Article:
Beekeeping

Beekeeping

Some people may have heard humming sounds at Lichtwiese – the Studierendenwerk has joined the ranks of the beekeepers. The idea came from our managing director Ms. Laux, who encouraged the head of university catering and hobbyist beekeeper himself, Volker Rettig, to place a bee colony on the roof of the Lichtwiese canteen.

No sooner said than done. In May 2017, 1000 bees spread over two honeycombs moved to the roof of the canteen. After realizing that they needed a queen, the two bee colonies began to feed a small number of bees with "gelée royale", or “royal jelly”. It is believed that royal jelly is the reason that a bee larva grows up to be a queen rather than a worker. The queen who hatches last then kills the other queens – nature is cruel. By now, each colony consists of about 1,000 bees. In summer, a colony can grow to up to 50,000 - 60,000 bees. We are already looking forward to next summer, because in July 2018 the time has finally come: The first honey produced by our "colleagues" can be tasted.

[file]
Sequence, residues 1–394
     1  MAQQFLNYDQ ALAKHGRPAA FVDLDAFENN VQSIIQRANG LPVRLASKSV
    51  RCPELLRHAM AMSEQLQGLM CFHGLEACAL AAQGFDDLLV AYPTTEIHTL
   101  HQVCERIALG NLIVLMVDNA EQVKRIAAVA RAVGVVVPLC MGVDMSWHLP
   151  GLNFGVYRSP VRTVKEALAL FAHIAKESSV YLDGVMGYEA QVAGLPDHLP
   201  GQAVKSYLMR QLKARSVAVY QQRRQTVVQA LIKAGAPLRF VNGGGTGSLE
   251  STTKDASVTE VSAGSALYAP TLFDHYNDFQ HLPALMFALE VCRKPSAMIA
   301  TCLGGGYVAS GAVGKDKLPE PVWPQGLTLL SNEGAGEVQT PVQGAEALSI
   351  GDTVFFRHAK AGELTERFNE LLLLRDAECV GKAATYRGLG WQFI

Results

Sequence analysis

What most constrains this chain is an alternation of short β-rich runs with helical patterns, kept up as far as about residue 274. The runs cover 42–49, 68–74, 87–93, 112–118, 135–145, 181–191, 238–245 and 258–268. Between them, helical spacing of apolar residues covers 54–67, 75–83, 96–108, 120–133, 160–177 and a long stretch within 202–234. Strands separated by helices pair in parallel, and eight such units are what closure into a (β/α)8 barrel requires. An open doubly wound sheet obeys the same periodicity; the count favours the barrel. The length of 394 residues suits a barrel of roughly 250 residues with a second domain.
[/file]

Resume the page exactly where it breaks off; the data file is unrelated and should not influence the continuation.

By the way: Bees are threatened all over the world. Parasites and diseases are endangering bee populations worldwide.

The importance of bees for humans

Bees are the most important working animals after cattle and pigs, as they pollinate about 80 percent of wild as well as useful plants. Otherwise, a large portion of our food would not be available to us. However, the number of bee colonies has been declining for several years. The causes have not yet been fully investigated. Climate change, parasites and the use of chemical toxins are believed to be responsible for bee mortality. In some areas of China, bees are already extinct, so humans have to pollinate the plants by hand. If you want to know more about bees, you can watch the award-winning documentary "More than Honey" for free with the ARD Mediathek.

Photos: Hendrik Hamelau

Contact

Sustainability Manager

Georg Richarz

Porträt des Nachhaltigkeitsmanagers Georg Richarz

phone: 06151 16-29438

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